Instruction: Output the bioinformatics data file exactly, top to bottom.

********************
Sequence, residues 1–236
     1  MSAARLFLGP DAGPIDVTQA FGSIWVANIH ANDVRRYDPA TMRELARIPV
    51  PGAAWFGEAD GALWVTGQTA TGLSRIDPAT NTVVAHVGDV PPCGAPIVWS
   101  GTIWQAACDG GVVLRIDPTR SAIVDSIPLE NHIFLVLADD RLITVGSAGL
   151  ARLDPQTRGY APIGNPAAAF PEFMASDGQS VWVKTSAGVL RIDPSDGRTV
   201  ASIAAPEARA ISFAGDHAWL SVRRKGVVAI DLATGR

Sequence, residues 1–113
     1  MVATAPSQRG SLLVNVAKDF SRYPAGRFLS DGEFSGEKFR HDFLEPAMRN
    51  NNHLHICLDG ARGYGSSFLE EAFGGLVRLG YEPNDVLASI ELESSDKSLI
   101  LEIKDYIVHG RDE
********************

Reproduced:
Sequence, residues 1–236
     1  MSAARLFLGP DAGPIDVTQA FGSIWVANIH ANDVRRYDPA TMRELARIPV
    51  PGAAWFGEAD GALWVTGQTA TGLSRIDPAT NTVVAHVGDV PPCGAPIVWS
   101  GTIWQAACDG GVVLRIDPTR SAIVDSIPLE NHIFLVLADD RLITVGSAGL
   151  ARLDPQTRGY APIGNPAAAF PEFMASDGQS VWVKTSAGVL RIDPSDGRTV
   201  ASIAAPEARA ISFAGDHAWL SVRRKGVVAI DLATGR

Sequence, residues 1–113
     1  MVATAPSQRG SLLVNVAKDF SRYPAGRFLS DGEFSGEKFR HDFLEPAMRN
    51  NNHLHICLDG ARGYGSSFLE EAFGGLVRLG YEPNDVLASI ELESSDKSLI
   101  LEIKDYIVHG RDE